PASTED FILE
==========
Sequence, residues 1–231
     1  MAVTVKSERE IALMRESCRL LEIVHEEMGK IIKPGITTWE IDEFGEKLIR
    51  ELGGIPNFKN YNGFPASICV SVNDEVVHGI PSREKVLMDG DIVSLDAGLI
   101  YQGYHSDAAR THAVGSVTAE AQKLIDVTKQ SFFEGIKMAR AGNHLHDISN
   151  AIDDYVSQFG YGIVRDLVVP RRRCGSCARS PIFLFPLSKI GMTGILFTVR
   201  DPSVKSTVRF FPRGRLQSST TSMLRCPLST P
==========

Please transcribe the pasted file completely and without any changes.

Sequence, residues 1–231
     1  MAVTVKSERE IALMRESCRL LEIVHEEMGK IIKPGITTWE IDEFGEKLIR
    51  ELGGIPNFKN YNGFPASICV SVNDEVVHGI PSREKVLMDG DIVSLDAGLI
   101  YQGYHSDAAR THAVGSVTAE AQKLIDVTKQ SFFEGIKMAR AGNHLHDISN
   151  AIDDYVSQFG YGIVRDLVVP RRRCGSCARS PIFLFPLSKI GMTGILFTVR
   201  DPSVKSTVRF FPRGRLQSST TSMLRCPLST P